The clarity extends somewhere to 70% of the FOV, which is pretty good for such a large field of view. The clarity decreases smoothly without being very obvious. Any way, direct view it is caught somewhere at maximum of 60 degrees. What exceeds this limit I use more the peripheral view, not direct view. Chromatic aberrations are only on the edges and not intrusive, very good here.
huge FOV.jpg




To better estimate the performance of this binoculars I compared it with Nikon HGL 8X32 and Swarovski Habicht 8x30, another two very good binoculars (I'm sorry I don't have any more pictures compared to Swarovski Habicht). These numbers are subjective being just a personal ranking after I compared these binoculars!
e2 vs hgl vs Habicht.jpg
EII vs HGL.jpg
E2 vs HGL.jpg
 

Gijs van Ginkel

Well-known member
Dorubird,
One of the more recent Nikon E11's we have investigated showed light transmission values of 88,4% at 550 nm, the data can be found on the WEB-site of House of Outdoor, in a paper in which different 8x30 binoculars were investigated.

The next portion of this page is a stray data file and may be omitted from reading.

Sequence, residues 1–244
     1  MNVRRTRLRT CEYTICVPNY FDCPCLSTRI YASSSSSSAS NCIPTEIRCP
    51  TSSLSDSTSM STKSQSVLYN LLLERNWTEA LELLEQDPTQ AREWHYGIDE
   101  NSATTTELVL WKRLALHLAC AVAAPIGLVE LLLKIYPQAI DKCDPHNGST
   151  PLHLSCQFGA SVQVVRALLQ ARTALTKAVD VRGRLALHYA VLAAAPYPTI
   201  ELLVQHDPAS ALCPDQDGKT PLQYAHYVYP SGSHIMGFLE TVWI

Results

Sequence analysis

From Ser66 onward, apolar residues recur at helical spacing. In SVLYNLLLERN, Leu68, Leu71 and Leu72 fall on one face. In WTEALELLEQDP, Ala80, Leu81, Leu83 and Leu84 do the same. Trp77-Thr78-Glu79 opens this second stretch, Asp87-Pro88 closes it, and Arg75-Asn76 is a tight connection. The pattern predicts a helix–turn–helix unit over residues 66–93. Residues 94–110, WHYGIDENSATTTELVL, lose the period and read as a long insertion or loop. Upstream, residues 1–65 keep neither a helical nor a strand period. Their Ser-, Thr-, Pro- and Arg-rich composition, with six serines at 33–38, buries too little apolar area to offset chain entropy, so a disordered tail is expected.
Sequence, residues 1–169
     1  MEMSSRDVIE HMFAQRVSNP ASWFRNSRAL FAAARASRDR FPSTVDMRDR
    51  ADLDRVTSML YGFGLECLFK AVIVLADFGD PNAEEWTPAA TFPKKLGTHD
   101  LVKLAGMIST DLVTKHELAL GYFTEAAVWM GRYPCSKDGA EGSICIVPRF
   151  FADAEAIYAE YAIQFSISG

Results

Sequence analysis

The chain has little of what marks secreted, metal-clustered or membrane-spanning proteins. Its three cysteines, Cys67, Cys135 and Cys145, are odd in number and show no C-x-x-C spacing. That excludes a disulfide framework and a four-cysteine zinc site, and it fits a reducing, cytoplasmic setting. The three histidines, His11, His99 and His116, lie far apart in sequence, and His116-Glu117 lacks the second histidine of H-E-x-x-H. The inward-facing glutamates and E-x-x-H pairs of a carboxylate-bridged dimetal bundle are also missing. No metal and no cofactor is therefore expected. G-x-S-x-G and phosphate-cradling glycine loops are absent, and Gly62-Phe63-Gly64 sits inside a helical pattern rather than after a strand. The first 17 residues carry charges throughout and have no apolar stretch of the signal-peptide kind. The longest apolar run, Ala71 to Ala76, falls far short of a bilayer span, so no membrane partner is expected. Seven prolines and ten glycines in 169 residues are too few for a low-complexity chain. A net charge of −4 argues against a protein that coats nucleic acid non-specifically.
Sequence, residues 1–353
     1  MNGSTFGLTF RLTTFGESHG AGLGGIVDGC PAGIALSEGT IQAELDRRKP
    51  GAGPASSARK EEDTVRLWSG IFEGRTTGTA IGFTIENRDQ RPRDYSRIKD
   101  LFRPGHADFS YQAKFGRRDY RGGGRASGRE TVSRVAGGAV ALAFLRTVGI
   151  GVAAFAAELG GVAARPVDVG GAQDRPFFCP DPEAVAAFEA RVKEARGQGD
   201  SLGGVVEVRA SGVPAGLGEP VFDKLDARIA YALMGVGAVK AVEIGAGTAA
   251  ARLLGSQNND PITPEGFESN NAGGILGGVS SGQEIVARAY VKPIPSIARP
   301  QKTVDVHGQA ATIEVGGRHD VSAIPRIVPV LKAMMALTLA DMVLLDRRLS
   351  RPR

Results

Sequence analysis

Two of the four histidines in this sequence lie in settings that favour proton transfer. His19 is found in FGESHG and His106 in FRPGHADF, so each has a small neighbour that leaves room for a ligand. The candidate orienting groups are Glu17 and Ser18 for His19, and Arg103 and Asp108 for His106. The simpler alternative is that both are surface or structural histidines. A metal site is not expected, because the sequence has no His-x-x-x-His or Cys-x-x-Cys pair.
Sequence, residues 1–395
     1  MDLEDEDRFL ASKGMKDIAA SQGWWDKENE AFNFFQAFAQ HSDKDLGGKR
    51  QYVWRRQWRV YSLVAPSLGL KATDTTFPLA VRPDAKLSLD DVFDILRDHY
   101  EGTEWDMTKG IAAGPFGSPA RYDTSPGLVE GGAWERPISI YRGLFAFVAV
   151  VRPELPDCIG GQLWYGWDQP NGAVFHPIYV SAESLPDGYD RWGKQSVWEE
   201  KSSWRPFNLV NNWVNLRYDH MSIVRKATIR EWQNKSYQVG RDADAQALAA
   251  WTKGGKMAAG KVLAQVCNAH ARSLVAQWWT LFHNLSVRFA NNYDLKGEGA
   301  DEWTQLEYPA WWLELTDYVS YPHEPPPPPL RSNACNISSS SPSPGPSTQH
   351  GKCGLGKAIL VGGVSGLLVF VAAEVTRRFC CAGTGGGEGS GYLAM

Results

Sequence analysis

Gijs van Ginkel.
 

Northman

Active member
So.. mine has serial number in the 810xxx range.

Would there be a large upgrade to the new coatings?

Edit: just read your other post.
Clearly its a large upgrade.
 

dorubird

Well-known member
Romania
Thank you Gijs van Ginkel!
I think that specimen with No. 3 (88% 550 nm) from your test had the serial number still below 820xxx. The new and usual E2 binoculars with series greater than 820xxx has the same new improved coating as the "100th Anniversary Edition" one. This new and usual E2 (820xxx) binoculars appeared after the "100th Anniversary Edition" which was launched in 2017! (note: the imprinted "100th anniversary Edition" has a completely different serial number order than usual series)..."The puzzle" of serial numbers from Nikon is well known:)
 
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Binastro

Well-known member
If the Nikon EII is so strong, why isn't it used by the military?

Perhaps the short eye relief or it is not up to military testing.

Regards,
B.
 

tenex

reality-based